Gaining profits from product demos is a challenging endeavor for all kinds of companies. On the one hand, you have to demonstrate your products in a way that showcases their functionality and robustness, while on the other hand, you have to present them in a way that gets them sold.
Both these tasks can often prove much more difficult than they seem when presenting software products. Software companies often mistake falling prey to what I call “impression syndrome” – producing flashy presentations with screens full of images and tons of pretentious information about features thrown at the audience to impress them.
This does not help achieve actual results because people walk away from the demo still completely unconvinced about wanting any part of your product. However, when you take a step back and think about why people attend demos in the first place, two things become apparent:
1) People want to know if they should bother investing their time at all into your product demo.
2) People need to walk away from the demo feeling like they’ve learned something.
Successful product demos must do more than impress people. They must also deliver valuable insights and information to the audience to be willing participants in what you have planned for them. There are several guidelines worth keeping in mind when planning out your next product demo with this realization.
Here are five of them:
Show your product's features in action rather than talk about them.
Go straight into why these tools are important to the success of your users by showing them how they can use these tools to improve their sales figures.
This will help show the audience why these tools are essential to what you’re pitching instead of just listing out all of its features along with tons of techno-jargon that no one understands anyway.
don't make it about yourself or your company.
No one wants to sit through a 2-hour presentation to hear about how great you and your company are. They’re not interested in that!
What they want is information on your product and its value within the marketplace. If you spend most of the time talking about yourself or your company, don’t be surprised when you get blank stares from everyone.
It must feel relevant to each person who is listening.
Everyone who is attending the demo has their own set of problems within their respective organizations.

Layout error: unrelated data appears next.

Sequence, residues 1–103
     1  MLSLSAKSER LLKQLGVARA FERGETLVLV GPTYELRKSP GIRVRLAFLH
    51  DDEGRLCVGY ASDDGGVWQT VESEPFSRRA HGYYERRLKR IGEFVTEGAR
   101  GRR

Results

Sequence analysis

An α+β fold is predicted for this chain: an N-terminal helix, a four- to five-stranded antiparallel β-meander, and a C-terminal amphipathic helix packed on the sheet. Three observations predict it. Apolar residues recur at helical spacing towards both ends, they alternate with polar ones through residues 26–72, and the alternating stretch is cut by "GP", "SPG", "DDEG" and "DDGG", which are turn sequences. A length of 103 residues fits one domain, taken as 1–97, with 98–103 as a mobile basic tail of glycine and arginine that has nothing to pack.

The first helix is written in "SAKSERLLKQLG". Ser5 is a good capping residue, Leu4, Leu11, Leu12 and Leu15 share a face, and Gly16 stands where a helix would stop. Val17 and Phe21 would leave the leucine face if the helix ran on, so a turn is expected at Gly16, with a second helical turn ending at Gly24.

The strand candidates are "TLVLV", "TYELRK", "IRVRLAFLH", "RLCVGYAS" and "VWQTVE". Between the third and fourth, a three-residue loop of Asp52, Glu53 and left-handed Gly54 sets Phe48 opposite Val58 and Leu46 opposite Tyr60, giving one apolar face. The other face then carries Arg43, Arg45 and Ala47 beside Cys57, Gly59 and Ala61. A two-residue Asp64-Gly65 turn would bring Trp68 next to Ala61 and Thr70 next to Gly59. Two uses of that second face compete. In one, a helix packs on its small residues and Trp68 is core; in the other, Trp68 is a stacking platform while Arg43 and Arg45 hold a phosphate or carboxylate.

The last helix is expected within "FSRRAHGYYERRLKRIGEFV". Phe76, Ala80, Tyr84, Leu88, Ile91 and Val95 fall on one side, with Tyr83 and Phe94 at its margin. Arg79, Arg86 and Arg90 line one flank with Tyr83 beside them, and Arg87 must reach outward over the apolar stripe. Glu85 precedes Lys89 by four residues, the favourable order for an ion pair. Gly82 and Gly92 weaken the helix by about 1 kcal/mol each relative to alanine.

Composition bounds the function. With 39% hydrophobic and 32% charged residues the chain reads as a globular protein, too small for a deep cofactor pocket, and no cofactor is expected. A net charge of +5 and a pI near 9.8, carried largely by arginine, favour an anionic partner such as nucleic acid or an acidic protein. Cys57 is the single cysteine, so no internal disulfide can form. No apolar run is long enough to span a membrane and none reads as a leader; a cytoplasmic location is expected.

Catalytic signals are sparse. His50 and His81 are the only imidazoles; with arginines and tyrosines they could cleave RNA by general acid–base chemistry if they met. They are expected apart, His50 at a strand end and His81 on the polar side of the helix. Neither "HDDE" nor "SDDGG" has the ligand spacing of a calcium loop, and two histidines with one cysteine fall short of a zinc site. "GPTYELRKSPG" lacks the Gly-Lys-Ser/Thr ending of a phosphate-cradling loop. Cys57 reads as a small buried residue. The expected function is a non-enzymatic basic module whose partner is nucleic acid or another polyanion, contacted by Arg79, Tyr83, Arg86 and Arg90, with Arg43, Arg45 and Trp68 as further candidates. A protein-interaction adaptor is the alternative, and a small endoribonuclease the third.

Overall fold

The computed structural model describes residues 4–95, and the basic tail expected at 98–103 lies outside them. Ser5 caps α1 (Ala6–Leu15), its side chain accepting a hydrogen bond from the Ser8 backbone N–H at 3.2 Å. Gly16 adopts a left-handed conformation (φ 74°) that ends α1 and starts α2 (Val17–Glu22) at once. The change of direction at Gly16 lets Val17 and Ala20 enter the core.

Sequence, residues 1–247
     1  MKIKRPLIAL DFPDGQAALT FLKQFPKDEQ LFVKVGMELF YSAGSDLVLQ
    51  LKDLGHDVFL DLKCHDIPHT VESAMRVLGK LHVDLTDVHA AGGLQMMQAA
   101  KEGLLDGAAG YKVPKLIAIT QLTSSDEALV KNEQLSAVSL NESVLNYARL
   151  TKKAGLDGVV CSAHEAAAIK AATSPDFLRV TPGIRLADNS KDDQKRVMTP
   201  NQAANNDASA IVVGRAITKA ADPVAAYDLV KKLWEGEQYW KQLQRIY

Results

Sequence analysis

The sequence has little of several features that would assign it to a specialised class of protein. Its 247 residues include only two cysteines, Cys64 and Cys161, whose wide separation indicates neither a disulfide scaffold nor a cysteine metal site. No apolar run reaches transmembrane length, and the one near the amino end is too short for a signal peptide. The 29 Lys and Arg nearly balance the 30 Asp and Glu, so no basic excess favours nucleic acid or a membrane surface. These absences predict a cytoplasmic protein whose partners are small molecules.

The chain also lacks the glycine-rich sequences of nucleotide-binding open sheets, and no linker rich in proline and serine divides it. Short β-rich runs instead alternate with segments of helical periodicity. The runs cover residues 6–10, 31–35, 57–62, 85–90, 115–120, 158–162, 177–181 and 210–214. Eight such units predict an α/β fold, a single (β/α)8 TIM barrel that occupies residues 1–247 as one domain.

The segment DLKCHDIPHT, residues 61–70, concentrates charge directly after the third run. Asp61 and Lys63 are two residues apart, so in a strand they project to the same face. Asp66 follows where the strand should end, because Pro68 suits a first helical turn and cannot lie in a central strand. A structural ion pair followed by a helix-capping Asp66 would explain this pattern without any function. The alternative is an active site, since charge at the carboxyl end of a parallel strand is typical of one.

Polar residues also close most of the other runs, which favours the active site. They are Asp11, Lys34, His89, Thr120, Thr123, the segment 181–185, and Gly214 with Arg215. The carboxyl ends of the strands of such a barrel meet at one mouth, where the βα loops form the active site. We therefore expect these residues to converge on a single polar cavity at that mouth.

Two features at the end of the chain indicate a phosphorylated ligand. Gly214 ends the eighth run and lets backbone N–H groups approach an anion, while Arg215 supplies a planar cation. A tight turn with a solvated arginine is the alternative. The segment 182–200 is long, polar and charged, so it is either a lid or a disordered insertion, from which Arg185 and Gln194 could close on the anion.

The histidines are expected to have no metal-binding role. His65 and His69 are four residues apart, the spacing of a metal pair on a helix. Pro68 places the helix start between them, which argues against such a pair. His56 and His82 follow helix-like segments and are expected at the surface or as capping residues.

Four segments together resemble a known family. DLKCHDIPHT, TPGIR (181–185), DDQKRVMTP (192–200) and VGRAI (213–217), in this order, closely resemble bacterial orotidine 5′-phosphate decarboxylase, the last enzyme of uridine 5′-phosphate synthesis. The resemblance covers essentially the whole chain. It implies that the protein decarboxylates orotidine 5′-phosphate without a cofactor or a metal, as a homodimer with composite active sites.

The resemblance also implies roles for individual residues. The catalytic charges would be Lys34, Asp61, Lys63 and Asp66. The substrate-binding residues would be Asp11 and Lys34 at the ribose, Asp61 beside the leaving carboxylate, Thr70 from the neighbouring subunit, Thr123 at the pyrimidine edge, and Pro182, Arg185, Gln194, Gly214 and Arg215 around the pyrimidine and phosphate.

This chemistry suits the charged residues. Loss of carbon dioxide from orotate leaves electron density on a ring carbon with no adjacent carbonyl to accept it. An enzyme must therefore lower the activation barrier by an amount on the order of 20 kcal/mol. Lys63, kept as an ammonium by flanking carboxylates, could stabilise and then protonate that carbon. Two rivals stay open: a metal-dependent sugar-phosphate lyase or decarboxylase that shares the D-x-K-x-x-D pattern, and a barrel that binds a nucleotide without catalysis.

So make sure your message speaks directly to them by making it relevant to what matters most to them at this moment in time. You can’t do this if you’re not asking enough questions about them before the presentation begins.
Allow for ample time so that people can ask you questions.
The good thing about allowing for ample time is that it forces every attendee to pay attention to what you’re saying because they don’t want to miss out on an opportunity to ask their burning question.
This will help increase retention and absorb more of your messaging than just having someone sitting there listening while staring at a screen. But, remember, these are busy people.
Make sure you allow enough time post-presentation so that they have a chance to engage with you one-on-one if they need further clarification or have follow-up questions.
Connect with your audience at a human level.
This is where things get interesting. This fifth and final guideline isn’t about the presentation itself. Instead, you can connect personally with each of the attendees before and after you’ve presented.
This might be through social media channels like LinkedIn or Twitter; it might require you to find common ground through professional associations. Whatever it takes, make sure that you put in some effort outside of just walking into their office and delivering your speech. It might be what makes or breaks the success of your presentation.
So there you have it, five guidelines that are worth keeping in mind when preparing for your next product demo. If you do them right, not only will you impress people, but more importantly, they’ll walk away wanting to do business with you because you showed them how what’s in it for them.
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